Depression Facts and Stats

October is National Depression Awareness Month.

Even though I’ve written about depression before, I thought I’d take a moment to talk about it again.

Depression Facts and Stats

FACTS:

1)  Most people who are depressed, about two-thirds, do not seek treatment.

2) Women are TWICE as likely to suffer from depression as men.

3) Exercise can alleviate depression and is the easiest and least expensive way to be proactive in depression treatment.

4) There are different types of depression (reactive depression – brought on my traumatic event, seasonal effective disorder – lack of sunlight, depression caused by disease or drugs)

5) Depression and sadness are not the same.

6) Depression is the leading cause of disability worldwide.

7) Most people who do seek treatment, about 80%, show sound improvement.

STATS:

Depression statistics infographic

 

I know that talking about depression isn’t the easiest thing to do with those you love, but if you or someone you know suffers from depression, please take action.

 

Comments

  1. This is really good to know. My mom suffered from depression throughout my childhood. It’s more rampant that people think. Thanks for the resources, Patti!

  2. These are eye-opening statistics, Patti. Thank you for talking about this important (yet sometimes taboo) topic.

  3. thank you for sharing these facts. We need to realize that when people are helped and we recognize depression that we can save lives.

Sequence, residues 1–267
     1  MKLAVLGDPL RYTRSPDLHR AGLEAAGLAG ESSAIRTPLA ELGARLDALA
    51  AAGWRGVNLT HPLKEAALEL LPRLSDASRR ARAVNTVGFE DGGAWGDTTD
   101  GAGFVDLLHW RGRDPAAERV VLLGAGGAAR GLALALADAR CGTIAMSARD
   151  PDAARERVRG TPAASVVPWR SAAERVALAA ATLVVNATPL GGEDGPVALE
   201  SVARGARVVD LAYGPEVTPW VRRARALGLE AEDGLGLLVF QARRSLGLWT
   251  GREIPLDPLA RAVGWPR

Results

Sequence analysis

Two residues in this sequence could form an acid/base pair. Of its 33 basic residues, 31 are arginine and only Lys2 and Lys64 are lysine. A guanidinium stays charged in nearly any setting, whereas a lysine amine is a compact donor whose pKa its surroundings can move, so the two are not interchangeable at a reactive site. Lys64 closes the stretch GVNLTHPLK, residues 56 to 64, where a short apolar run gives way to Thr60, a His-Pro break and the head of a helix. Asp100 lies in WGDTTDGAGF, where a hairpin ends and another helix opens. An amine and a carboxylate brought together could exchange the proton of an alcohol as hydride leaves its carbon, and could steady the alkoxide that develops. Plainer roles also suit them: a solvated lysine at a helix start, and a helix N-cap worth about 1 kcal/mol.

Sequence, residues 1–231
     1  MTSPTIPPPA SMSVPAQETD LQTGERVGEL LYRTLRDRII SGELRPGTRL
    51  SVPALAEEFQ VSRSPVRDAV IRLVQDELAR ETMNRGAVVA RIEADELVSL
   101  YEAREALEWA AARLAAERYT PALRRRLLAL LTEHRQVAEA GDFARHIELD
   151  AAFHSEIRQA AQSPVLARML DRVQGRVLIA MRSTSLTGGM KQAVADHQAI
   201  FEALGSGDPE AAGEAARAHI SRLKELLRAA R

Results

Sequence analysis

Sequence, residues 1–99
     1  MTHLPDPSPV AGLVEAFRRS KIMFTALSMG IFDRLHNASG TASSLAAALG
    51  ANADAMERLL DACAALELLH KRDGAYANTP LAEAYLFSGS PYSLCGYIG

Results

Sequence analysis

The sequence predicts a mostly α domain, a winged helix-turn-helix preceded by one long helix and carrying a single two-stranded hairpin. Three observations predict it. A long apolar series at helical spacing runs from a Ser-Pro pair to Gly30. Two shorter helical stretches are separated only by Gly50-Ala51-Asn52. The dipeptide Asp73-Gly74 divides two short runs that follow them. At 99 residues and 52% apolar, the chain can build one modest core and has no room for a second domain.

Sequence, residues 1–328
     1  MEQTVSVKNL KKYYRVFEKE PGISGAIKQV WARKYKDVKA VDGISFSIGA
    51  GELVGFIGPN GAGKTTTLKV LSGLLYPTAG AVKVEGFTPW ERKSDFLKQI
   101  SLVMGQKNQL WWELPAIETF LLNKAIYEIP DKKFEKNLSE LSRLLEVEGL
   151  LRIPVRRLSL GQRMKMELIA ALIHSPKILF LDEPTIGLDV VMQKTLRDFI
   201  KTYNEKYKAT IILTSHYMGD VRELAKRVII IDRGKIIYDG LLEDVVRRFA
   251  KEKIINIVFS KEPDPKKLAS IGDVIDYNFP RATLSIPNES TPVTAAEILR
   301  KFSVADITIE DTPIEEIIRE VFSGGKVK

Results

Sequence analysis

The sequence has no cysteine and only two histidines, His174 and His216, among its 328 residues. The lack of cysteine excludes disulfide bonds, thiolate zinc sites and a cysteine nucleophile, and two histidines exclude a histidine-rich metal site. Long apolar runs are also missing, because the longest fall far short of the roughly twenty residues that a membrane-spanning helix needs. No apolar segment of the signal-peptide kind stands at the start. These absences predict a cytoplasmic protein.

4. Exercise! It makes you feel so much better! I always say, a long run is cheaper than therapy:) Great post!

  5. Kristen, I can’t thank you enough for this post. I have endured 28 years of chronic, sometimes severe depression coupled with sever anxiety. My life has changed dramatically since the onset of the depression not only from the disease, but also from friends and family who did not know the facts or take the time the time to find out the facts about the nature of the disease. The accusations and stigma directed toward me were as painful as the depression itself. Many of friends I had at church and at my children’s school turned against me or were afraid of me and the friendships dissolved. I no longer attend church and rarely leave my house. Fortunately, my husband, my parents and some of my siblings sought out all of the information they could, visited with my physician and have been my support and salvation. People need to educate themselves about depression, understand that it is a disease and cannot just be “willed” away. People like yourselves are our only hope and I am so grateful to you for your enlightenment and willingness to share.

    • Judy, I’m so sorry that you have suffered for so long and at such depths. On the other hand, I’m happy that you are under a doctor’s care and that you have a support system. Thank you for coming by and sharing with us.

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